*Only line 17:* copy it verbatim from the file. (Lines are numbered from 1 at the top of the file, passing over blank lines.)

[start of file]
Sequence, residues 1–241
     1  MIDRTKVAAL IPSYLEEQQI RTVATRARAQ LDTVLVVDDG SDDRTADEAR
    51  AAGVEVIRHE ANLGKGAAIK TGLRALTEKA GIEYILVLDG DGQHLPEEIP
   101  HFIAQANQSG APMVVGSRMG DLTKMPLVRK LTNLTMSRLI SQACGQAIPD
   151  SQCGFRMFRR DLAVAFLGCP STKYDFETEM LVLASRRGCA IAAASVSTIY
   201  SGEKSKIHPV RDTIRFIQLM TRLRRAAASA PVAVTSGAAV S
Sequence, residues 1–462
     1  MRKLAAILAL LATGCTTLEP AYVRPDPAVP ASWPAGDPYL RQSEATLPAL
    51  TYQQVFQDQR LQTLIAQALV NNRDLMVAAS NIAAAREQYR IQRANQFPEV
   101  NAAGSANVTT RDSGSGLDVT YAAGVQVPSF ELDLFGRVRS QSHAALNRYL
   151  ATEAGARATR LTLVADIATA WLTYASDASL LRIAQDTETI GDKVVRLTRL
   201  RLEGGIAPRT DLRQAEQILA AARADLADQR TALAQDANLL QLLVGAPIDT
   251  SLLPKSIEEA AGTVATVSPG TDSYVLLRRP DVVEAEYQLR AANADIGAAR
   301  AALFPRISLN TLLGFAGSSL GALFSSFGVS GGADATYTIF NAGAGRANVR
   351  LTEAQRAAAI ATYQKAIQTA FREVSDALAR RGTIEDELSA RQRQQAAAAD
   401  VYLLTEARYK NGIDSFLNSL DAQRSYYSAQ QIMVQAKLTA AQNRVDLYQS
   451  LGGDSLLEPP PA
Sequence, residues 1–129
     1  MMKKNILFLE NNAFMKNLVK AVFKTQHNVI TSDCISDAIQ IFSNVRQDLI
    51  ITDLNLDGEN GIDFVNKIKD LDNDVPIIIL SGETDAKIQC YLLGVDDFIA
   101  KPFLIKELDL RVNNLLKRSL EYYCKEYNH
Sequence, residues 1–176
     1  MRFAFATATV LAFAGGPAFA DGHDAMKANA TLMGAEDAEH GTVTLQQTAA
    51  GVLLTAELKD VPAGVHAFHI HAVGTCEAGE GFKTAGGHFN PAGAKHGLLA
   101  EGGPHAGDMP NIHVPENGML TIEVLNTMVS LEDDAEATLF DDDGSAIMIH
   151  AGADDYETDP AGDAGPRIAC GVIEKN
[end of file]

   451  LGGDSLLEPP PA